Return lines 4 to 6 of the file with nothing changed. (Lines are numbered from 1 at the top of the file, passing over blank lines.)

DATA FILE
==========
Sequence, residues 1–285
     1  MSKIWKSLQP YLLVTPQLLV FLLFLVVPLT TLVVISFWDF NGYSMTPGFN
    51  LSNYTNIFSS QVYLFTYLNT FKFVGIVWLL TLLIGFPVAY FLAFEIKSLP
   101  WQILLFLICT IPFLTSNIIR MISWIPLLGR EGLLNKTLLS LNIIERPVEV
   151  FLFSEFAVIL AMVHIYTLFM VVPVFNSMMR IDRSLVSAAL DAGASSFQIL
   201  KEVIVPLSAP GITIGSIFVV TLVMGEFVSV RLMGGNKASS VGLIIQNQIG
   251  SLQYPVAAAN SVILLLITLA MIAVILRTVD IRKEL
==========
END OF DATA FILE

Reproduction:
   101  WQILLFLICT IPFLTSNIIR MISWIPLLGR EGLLNKTLLS LNIIERPVEV
   151  FLFSEFAVIL AMVHIYTLFM VVPVFNSMMR IDRSLVSAAL DAGASSFQIL
   201  KEVIVPLSAP GITIGSIFVV TLVMGEFVSV RLMGGNKASS VGLIIQNQIG